These aren’t as unusual as you might think.  The trick in all writing is to develop any novel to the climax.  The climax is the resolution of the telic flaw.  Every author needs to realize the telic flaw resolution must be the expected/unexpected.  This is sometimes misidentified as a surprise ending or climax.  In other words, every novel is expected to have some type of surprise climax.

Think about this.  The expectation of the expected/unexpected is that the telic flaw will be resolved in the climax, but the means is unexpected.  In fact, if the author plays it right, the expected resolution looks impossible, but then within the context of the novel, becomes obvious in the climax—the unexpected.  Most fantasy and many science fiction novels manipulate the rules of the world to provide this unexpected climax.  In Harry Potty, the system of magic allows the protagonist and the protagonist’s helpers to resolve the climax in every case.  In the first novel, the magical stone which is the focus of the novel, a magical mirror (the obsession of the protagonist), and the special magical characteristic of the protagonist all entwine to provide the resolution.  Bringing three elements together in an unexpected fashion is a typical resolution means in many novels.  None of these ideas, stone, mirror, magic, are true in the real world.  They are constructions in the world of Harry Potty.  If the author did not provide a resolution of the issues in the novel that matched the magical system, the reader would immediately note the discontinuity and be knocked out of the suspension of disbelief.

Now, the writer of Harry Potty wisely chose a very simple and unexplained magic system—with it the author can do almost anything.  The logical fallacies with such an inexplicable system come not with the elements, but with the spells themselves.  One of the greatest is why the bad dudes don’t just use the banned and ultimate curses to blast everyone to he double toothpicks.  The reader just overlooks this gross logical fallacy, but it’s there for adults to wonder about and to be knocked out of the suspension of disbelief.

The usual child’s response to this fallacy is to assume the world isn’t that bad, but any adult can see that the bad guys are really bad.  Why really bad people would not use their very bad spells to just wipe out the good guys, only suspension of disbelief can tell.

The other large logical fallacy in Harry Potty is also related to the use of spells.  For example, with the ability to use the flue spell, the portal spell, or just plain old teleportation, why would they need to ride on brooms, magical trains, or endanger themselves in any other fashion?  The answer is the writer misused her own magical system to provide plot elements for entertainment and to provide situations for her scenes.

This type of manipulation would never be acceptable in an adult novel, but it makes for a great kid’s book as well as great movie effects.  Many movies have this problem, but the plot moves so quickly from point to point that most of the viewers don’t get the logical inconsistencies and aren’t knocked out of the suspension of disbelief.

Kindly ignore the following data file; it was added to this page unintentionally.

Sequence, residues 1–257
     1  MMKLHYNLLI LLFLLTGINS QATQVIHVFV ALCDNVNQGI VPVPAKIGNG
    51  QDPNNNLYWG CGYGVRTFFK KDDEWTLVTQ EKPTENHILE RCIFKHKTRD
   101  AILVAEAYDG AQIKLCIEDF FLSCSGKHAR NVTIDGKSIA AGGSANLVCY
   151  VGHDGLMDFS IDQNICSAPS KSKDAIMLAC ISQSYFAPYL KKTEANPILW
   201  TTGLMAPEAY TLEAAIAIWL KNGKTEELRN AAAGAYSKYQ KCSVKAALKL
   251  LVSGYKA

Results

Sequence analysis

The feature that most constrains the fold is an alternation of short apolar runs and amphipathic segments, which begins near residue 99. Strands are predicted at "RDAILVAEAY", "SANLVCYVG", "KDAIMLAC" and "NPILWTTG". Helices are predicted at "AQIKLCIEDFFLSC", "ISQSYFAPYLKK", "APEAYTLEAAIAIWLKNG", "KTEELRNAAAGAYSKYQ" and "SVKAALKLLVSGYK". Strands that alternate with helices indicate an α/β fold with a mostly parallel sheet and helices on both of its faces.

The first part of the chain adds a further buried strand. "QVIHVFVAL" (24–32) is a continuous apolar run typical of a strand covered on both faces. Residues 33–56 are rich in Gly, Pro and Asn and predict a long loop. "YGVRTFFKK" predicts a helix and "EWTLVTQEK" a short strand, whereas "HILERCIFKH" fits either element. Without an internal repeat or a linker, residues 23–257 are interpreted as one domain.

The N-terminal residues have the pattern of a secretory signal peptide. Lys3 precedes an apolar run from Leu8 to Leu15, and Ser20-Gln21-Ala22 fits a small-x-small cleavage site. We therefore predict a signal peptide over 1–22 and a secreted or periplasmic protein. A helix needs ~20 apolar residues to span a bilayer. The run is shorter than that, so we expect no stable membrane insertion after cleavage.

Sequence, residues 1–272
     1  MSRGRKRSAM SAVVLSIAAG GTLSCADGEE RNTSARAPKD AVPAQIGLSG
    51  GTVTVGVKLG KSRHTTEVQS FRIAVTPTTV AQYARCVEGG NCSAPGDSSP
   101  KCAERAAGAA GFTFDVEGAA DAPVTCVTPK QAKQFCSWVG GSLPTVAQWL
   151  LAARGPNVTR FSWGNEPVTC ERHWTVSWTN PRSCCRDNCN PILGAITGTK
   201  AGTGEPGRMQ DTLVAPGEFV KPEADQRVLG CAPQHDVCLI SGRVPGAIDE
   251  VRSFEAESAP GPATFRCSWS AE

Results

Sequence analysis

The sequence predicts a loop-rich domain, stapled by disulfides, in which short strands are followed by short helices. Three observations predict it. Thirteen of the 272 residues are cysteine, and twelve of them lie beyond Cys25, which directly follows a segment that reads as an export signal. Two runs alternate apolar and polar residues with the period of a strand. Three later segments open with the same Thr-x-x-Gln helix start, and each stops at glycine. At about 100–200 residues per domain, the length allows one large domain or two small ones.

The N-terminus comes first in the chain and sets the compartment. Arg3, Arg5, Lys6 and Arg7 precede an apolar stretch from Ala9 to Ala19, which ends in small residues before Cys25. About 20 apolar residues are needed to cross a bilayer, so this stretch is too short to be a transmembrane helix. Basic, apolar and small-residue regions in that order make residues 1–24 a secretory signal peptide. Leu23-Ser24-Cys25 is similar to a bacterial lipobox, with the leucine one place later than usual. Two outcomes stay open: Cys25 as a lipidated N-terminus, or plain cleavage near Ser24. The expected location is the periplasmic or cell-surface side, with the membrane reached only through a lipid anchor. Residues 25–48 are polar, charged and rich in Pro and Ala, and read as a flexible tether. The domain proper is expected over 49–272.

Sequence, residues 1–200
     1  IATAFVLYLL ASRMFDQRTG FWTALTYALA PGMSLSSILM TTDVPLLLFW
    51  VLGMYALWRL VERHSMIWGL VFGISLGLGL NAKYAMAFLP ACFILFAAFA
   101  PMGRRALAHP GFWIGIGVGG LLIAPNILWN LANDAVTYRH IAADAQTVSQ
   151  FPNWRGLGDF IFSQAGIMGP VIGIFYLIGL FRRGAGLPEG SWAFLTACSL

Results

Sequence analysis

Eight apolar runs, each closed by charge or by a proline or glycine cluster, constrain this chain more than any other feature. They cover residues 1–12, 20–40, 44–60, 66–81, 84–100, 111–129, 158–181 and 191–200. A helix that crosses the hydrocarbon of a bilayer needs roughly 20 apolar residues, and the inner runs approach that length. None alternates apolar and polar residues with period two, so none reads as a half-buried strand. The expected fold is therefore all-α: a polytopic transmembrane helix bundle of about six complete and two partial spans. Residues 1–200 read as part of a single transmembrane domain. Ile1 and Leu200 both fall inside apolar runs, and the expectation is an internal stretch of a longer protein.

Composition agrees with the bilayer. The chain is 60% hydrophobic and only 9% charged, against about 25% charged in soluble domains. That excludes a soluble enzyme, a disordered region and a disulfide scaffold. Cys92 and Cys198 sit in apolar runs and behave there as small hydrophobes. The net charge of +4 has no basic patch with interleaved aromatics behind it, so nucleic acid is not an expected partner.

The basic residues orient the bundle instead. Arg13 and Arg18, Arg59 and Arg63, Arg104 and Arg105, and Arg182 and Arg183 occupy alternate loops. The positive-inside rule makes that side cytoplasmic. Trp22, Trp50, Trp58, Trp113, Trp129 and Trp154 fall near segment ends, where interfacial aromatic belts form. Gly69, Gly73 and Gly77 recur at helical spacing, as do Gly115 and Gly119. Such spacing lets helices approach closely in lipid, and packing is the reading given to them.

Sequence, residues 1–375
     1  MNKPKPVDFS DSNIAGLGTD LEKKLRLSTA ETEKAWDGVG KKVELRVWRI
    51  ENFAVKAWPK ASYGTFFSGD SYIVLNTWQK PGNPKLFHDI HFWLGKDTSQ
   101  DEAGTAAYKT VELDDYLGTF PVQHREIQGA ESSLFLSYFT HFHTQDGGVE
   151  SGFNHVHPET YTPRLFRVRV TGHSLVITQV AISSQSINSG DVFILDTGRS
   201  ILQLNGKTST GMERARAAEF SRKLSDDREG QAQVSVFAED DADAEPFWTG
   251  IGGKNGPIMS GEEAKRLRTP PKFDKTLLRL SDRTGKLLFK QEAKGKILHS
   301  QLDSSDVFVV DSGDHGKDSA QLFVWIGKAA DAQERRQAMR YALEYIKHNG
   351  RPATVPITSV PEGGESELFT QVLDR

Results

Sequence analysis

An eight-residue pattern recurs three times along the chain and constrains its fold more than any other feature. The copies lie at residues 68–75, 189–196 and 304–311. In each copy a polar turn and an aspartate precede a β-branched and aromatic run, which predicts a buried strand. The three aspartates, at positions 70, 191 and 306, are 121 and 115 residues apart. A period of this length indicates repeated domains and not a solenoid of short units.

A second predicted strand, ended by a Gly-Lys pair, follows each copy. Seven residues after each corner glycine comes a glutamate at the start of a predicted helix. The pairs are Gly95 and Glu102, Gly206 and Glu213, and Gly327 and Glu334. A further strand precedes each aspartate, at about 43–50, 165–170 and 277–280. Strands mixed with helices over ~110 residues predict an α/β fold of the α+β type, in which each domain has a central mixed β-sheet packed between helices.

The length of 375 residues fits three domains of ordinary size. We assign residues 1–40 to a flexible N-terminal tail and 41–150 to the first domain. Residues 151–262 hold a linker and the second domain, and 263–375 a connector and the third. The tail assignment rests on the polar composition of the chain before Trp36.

This problem of worldview is not just a problem of fantasy and magic.  Science fiction is also very susceptible.  Most of the Star Bores movies are so filled with science inconsistencies and logical fallacy, they are hard for me, as a scientist, to watch.  If I ignore the science and just pretend Star Bores is all magic, it works better for me, but readers might or might not be so generous.

We haven’t discussed basic logical issues.  These are ones related to obvious worldview inconsistencies and fallacies.  The reason is that most of these problems won’t ever get past a publisher or editor.  You will find them rampant in self-published works, but not usually in any professionally published novels.

These are pure errors in logic concerning the actions and reactions of the real world.  For example, if a person is hit with a bullet in the real world, they are injured and have a high probability of death.  Is it only in the movies where people can be shot multiple times and still keep firing, fighting, and winning.  This won’t usually float in any novel, but people lap it up in movies.  This is a real world inconsistency.

More obvious issues are related to time and place.

More tomorrow.

For more information, you can visit my author site http://www.ldalford.com/, and my individual novel websites:








fiction, theme, plot, story, storyline, character development, scene, setting, conversation, novel, book, writing, information, study, marketing, tension, release, creative, idea, logic


About L.D. Alford

L. D. Alford is a novelist whose writing explores with originality those cultures and societies we think we already know. His writing distinctively develops the connections between present events and history—he combines them with threads of reality that bring the past alive. L. D. Alford is familiar with technology and cultures—he is widely traveled and earned a B.S. in Chemistry from Pacific Lutheran University, an M.S. in Mechanical Engineering from Boston University, a Ph.D. in Aerospace Engineering from The University of Dayton, and is a graduate of Air War College, Air Command and Staff College, and the USAF Test Pilot School. L. D. Alford is an author who combines intimate scientific and cultural knowledge into fiction worlds that breathe reality. He is the author of three historical fiction novels: Centurion, Aegypt, and The Second Mission, and three science fiction novels: The End of Honor, The Fox’s Honor, and A Season of Honor.